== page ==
It is hard to ascertain the exact numbers of people affected by elder abuse because studies show that elder abuse is underreported. However, one study found that financial loss from financial elder abuse could be close to $3 billion a year.
While it is impossible to guarantee that an elderly loved one is not the victim of financial abuse, there are some steps you can take to reduce the chances. One option is to have more than one family member involved in caring for the loved one. You can also encourage the elder to get involved in community activities to ensure that he or she has a wide range of support. Using direct deposit as much as possible is also helpful. And of course you should always screen caregivers carefully and verify references.
Financial abuse can be very difficult to detect. The following are some signs that a loved one may be the victim of this kind of abuse:
The disappearance of valuable objects
Withdrawals of large amounts of money, checks made out to cash, or low bank balances
A new "best friend" and isolation from other friends and family
Large credit card transactions
Signatures on checks that look different
A name added to a bank account or newly formed joint accounts
Indications of fear of caregivers
If you suspect someone of being financially abused, there are several actions you can take:
Report the possible crime by calling your local Adult Protective Services and state attorney general's office. File a police report.
Explore options at your local probate court if your state has such courts. The court can intervene if someone in the family is misusing a power of attorney or their role as guardian or conservator.
Contact advocacy organizations. The National Center on Elder Abuse offers guidance on how to investigate and seek justice for elder abuse. State laws vary, but some have elder abuse statutes and may be able to get restitution for breach of fiduciary duties.
Try to get a temporary restraining order from a court while building your case.
Older Americans with a life insurance policy that they no longer need have the option to sell the policy to investors. These transactions, called "life settlements," can bring in needed cash, but are they a good idea?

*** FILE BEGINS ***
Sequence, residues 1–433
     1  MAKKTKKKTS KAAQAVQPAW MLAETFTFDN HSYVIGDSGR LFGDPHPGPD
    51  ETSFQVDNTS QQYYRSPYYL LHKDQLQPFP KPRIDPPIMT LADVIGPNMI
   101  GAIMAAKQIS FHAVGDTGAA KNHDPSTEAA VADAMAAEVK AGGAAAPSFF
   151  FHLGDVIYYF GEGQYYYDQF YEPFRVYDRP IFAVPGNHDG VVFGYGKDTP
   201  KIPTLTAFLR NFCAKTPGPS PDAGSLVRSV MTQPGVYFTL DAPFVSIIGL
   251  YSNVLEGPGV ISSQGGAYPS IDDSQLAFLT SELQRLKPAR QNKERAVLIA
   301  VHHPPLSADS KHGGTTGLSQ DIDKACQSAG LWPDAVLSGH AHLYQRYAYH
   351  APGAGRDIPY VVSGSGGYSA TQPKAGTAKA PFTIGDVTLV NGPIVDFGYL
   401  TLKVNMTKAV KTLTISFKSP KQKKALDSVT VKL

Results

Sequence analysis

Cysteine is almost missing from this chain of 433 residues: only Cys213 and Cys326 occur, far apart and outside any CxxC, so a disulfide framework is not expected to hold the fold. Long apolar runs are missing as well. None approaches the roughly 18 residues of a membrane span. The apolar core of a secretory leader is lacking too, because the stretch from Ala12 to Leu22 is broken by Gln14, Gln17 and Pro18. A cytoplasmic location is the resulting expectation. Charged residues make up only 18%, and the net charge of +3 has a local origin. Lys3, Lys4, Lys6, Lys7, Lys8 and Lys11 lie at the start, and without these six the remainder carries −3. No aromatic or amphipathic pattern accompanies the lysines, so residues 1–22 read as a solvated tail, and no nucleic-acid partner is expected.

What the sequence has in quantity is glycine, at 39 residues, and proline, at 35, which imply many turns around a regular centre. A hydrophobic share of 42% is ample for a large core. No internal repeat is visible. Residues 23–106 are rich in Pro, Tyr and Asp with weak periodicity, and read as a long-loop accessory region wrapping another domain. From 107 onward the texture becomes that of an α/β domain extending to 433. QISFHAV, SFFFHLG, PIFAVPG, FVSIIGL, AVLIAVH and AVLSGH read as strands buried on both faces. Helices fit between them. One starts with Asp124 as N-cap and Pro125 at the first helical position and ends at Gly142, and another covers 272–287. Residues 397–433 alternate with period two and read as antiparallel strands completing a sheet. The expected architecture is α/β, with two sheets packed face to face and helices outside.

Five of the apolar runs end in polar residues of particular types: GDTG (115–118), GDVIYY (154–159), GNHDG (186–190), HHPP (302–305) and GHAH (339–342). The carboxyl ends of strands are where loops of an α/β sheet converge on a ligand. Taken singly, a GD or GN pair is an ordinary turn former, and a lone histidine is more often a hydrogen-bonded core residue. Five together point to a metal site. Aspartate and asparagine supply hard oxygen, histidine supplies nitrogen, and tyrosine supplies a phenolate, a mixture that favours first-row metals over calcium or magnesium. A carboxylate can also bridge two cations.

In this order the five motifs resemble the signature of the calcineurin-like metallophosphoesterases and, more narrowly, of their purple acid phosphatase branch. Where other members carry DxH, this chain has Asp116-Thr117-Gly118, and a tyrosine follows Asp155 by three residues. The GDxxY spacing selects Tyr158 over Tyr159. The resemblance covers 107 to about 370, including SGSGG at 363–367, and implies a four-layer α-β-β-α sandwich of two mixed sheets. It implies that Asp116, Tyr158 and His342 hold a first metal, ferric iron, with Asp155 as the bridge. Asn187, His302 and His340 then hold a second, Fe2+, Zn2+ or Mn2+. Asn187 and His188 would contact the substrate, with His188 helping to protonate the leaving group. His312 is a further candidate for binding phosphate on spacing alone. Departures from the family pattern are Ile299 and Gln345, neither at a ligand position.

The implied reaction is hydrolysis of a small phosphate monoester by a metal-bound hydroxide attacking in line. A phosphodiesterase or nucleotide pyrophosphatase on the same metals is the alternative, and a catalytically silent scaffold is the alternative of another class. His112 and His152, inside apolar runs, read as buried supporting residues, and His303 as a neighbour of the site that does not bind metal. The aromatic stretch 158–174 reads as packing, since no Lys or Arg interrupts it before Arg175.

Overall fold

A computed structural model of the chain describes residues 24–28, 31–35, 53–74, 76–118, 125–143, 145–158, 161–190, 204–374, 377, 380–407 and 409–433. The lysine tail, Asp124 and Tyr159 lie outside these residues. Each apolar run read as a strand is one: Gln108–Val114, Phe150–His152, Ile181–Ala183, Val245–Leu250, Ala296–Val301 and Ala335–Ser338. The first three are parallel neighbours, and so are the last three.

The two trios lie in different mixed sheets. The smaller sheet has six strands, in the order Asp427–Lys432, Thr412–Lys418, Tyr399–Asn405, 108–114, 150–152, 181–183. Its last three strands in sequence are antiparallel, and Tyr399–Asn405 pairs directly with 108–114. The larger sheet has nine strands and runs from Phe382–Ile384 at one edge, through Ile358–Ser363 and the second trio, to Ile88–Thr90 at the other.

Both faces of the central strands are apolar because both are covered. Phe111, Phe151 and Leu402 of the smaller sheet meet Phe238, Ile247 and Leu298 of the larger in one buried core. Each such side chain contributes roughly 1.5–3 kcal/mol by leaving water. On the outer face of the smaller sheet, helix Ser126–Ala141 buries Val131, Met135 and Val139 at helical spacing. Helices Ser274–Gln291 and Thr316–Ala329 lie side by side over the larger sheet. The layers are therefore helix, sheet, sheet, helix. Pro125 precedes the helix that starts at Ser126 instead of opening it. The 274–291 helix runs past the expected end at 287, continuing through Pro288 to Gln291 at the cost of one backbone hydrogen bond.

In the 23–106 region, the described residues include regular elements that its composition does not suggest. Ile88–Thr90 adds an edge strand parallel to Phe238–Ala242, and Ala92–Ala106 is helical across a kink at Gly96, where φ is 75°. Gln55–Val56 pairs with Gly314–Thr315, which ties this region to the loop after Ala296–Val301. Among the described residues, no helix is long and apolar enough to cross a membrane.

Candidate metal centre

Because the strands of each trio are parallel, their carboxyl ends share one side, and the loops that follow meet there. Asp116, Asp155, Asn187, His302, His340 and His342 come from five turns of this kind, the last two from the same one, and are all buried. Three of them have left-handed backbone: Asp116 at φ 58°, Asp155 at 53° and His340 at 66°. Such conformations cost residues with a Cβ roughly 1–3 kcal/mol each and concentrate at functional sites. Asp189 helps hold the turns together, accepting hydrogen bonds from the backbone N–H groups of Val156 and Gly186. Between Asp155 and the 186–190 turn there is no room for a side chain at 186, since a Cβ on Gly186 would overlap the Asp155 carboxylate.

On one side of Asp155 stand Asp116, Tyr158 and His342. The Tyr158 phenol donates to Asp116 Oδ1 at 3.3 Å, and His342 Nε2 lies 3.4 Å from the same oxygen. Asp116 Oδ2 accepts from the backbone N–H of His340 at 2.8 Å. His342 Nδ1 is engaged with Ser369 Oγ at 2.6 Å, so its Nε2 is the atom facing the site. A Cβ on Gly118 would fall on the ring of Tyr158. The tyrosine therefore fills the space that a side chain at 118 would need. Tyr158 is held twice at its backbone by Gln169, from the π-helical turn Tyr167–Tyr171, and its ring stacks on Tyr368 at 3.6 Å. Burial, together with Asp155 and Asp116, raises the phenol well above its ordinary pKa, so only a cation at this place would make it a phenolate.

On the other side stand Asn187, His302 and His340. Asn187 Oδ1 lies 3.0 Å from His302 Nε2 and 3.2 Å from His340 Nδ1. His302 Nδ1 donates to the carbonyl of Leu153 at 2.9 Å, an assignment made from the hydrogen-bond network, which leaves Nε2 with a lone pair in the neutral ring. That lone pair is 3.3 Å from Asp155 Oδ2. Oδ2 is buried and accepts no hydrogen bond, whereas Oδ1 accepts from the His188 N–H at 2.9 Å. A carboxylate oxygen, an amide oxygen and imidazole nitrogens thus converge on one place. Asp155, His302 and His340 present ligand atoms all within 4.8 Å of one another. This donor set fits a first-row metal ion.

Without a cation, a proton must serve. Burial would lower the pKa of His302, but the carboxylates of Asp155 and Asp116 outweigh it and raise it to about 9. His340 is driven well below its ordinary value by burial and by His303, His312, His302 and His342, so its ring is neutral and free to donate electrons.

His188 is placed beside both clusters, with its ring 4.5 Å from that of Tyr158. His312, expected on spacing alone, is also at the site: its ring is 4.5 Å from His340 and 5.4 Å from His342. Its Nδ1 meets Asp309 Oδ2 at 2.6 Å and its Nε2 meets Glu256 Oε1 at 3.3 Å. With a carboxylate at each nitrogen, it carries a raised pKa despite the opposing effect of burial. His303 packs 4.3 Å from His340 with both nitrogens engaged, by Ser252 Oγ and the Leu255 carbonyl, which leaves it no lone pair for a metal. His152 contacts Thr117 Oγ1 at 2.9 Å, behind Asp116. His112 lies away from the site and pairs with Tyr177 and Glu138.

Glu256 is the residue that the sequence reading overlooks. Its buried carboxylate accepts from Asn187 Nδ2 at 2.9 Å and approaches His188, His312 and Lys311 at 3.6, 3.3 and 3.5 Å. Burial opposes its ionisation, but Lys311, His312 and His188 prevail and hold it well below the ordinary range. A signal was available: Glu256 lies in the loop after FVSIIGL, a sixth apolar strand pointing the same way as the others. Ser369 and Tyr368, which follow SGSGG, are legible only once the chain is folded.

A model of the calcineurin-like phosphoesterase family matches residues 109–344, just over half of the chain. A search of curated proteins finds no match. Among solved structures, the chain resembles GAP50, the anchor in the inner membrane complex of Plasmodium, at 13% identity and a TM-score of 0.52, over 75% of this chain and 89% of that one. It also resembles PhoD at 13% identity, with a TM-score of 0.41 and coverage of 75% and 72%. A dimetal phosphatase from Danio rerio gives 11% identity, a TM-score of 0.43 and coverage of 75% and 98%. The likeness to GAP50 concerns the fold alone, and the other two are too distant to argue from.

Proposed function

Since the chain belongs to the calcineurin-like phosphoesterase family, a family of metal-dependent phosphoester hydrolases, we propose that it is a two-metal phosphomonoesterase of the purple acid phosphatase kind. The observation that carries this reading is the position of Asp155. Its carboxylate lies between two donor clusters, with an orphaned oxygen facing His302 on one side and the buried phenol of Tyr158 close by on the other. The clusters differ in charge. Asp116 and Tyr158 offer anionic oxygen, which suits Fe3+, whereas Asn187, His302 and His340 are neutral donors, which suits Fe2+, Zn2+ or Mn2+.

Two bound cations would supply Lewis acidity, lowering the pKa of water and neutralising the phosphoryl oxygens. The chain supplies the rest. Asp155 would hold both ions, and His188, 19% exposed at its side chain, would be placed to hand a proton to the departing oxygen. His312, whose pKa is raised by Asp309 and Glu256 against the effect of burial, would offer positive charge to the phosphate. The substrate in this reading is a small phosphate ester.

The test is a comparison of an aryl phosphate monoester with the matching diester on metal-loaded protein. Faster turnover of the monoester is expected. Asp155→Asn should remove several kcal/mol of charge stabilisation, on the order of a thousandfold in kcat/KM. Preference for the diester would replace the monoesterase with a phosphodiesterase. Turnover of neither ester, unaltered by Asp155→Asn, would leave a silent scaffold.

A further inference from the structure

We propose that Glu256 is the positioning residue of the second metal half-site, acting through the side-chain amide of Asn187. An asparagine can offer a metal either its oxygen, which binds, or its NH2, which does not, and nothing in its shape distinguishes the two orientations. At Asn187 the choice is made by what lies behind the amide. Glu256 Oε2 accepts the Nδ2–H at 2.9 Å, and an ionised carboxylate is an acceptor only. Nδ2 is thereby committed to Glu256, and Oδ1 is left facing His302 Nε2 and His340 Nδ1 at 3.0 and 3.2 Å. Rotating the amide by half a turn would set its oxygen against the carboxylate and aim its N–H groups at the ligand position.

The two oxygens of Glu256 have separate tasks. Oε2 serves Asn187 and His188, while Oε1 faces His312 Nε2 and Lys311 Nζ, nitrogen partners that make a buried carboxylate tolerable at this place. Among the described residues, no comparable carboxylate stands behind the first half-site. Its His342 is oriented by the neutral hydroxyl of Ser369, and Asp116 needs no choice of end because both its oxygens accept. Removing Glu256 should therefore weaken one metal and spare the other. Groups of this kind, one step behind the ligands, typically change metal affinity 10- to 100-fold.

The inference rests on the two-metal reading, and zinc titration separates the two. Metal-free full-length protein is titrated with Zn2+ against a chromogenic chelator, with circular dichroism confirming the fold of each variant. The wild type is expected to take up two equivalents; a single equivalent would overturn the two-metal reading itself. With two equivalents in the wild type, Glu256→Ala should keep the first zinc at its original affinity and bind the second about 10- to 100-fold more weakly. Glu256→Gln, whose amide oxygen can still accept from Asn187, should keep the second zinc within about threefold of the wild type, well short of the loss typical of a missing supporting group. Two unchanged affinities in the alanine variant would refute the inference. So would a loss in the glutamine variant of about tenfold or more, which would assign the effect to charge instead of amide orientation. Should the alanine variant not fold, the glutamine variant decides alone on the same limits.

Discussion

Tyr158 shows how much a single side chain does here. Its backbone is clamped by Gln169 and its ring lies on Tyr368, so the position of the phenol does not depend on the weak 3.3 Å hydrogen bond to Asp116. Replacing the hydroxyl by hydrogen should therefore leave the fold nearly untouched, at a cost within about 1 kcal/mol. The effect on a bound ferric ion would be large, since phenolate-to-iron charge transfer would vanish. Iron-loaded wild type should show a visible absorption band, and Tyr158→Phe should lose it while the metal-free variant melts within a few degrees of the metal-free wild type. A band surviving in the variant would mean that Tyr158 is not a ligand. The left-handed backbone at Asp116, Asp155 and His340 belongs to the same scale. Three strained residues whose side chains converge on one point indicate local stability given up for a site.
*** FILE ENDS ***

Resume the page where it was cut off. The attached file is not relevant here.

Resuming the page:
If your children are grown and your mortgage paid off, you may decide that there is no longer a reason to be paying premiums every month for a life insurance policy, or you may reach a time when you can no longer afford to keep up with the premiums. If this happens, you may be tempted to let the policy lapse and get nothing from it or to surrender the policy for its cash value, which usually is a fraction of its death benefit. Another option is a life settlement. This allows you to sell your policy to an investor for an amount that is greater than the cash value, but less than the death benefit. The buyer pays all future premiums and receives the death benefit when you die.
Life settlements offer seniors a way to get cash to supplement retirement income and help pay for living expenses, health care, or other needed items. They can be a good alternative to surrendering a policy or letting it lapse. But as with any financial transaction, you need to exercise caution.
The amount you receive from a life settlement depends on your age, your health, and the terms and conditions of the policy. It is hard to determine if you are getting a fair price for the policy because there are no standard guidelines for life settlements. Before selling you should shop around to several life settlement companies. You should also note that the amount you receive will be reduced by transaction fees, which can eat up a good chunk of the proceeds of the sale. In addition, you may have to pay taxes on the lump sum you receive. Finally, the beneficiaries of your policy may not be pleased with the sale, which is why some life settlement companies require beneficiaries to sign off on the transaction.
Before choosing a life settlement, you should consider other options. If you need cash right away, you can borrow against your policy. If the premiums are too much, you may be able to stop premiums and receive a smaller death benefit. In some cases of terminal illness, you can receive an accelerated death benefit (this allows you to receive a portion of your death benefit while you are still alive). If you don't need the cash but no longer want the policy, another possibility is to donate the policy to charity and get a tax write-off.
To find out the right solution for you, talk to your elder law attorney.
“Though complex, existing laws provide people with a pathway to protect their assets, become legally poor and qualify for publicly funded Medicaid to cover nursing home bills.”
Every month, Lawrence Cappiello writes a check to a nursing home for $12,000 to pay for the cost of his wife’s nursing home care. Two years ago, his net worth was $500,000. In less than two years, the Cappiello’s savings will be gone. This unsettling story is explained in the article “How to Keep LTC Costs From Devouring Your Client’s Life Savings” from Insurance News Net. He is suffering from nursing home sticker shock and says he should have known better.
Cappiello was a professor at the University of Buffalo for 25 years. During that time, he taught an introductory course on health care and human services that touched on the costs to consumers. He said it was clear even then, that the cost of health care was going to escalate out of control.